Arlington County already actively supports the arts. The County supports the arts with, among other things, the Crystal City Underground gallery space, the Arlington Arts Center, the Signature Theater, Synetic Theater, and a variety of public spaces for art displays. It is unclear where the funding for any additional arts support will come from, and no one in the 4MRV group has provided any concrete visions of support.

Shared public spaces are the county’s most precious resources. Opportunities to add green space in Arlington don’t come very often, and we need to take advantage of those few opportunities when they present themselves. The Arlington Soccer Association supports the arts in general, but in this specific instance, ASA opposes attempts within the 4MRV working group process to re-purpose this new open space as an “arts district.” Let’s use park space for park purposes, and take advantage of the ability to add to the County’s functional green space inventory.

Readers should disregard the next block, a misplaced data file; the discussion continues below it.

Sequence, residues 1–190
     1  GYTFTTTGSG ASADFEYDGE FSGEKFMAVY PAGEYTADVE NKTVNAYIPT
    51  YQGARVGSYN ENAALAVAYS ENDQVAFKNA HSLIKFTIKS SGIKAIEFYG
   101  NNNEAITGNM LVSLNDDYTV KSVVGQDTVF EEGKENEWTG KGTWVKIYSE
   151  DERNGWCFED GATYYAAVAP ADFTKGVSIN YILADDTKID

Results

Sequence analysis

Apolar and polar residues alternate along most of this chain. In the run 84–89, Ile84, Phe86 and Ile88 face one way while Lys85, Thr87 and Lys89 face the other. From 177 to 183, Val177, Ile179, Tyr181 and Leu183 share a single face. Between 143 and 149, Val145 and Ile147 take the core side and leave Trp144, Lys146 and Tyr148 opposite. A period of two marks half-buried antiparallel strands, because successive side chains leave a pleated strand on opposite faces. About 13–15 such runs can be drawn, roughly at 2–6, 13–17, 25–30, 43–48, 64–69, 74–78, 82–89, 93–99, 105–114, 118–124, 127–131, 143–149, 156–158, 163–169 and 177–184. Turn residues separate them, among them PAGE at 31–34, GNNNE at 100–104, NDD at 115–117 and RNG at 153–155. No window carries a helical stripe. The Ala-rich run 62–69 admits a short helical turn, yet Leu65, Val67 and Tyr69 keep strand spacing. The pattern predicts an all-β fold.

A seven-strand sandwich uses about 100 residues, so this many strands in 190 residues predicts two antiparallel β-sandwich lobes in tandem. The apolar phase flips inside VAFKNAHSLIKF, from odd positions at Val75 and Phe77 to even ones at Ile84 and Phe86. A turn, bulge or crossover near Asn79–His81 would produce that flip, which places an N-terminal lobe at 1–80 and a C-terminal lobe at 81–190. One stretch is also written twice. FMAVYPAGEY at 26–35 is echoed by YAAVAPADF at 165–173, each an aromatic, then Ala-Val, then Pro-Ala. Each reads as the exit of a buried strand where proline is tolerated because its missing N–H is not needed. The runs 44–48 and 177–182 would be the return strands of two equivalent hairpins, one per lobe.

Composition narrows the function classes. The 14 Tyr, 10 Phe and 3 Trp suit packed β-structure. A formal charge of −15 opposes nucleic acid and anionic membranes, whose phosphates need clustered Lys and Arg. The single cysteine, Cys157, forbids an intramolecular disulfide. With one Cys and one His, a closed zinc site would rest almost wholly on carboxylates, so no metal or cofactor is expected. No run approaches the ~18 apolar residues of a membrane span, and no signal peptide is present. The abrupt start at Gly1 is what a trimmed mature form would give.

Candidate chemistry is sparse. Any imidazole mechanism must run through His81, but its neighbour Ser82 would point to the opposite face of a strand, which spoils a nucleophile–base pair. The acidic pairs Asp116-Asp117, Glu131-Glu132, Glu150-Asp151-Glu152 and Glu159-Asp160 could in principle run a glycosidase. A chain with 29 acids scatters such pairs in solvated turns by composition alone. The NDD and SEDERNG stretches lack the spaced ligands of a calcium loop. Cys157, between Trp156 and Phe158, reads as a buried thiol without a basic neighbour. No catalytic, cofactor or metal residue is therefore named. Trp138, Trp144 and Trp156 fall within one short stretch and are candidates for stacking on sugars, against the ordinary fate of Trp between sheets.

Daniel Lopez
Arlington Soccer Association

ARLnow.com occasionally publishes letters about issues of local interest. To submit your thoughts for consideration, please email [email protected]. Letters may be edited for content and brevity.

Map via Google Maps.

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Arlington’s Gang Prevention Task Force will hold its 12th annual Gang Prevention Soccer Tournament on Sunday, June 25 at Washington-Lee High School from 10 a.m. to 7 p.m.

The program is heavily promoted at the middle and high school levels among boys and girls, particularly in High Intensity Language Training and English for Speakers of Other Languages classrooms.

Task force coordinator Robert Vilchez said that those who have recently moved to the area may struggle to adjust, and the tournament helps them find their place in their new environment.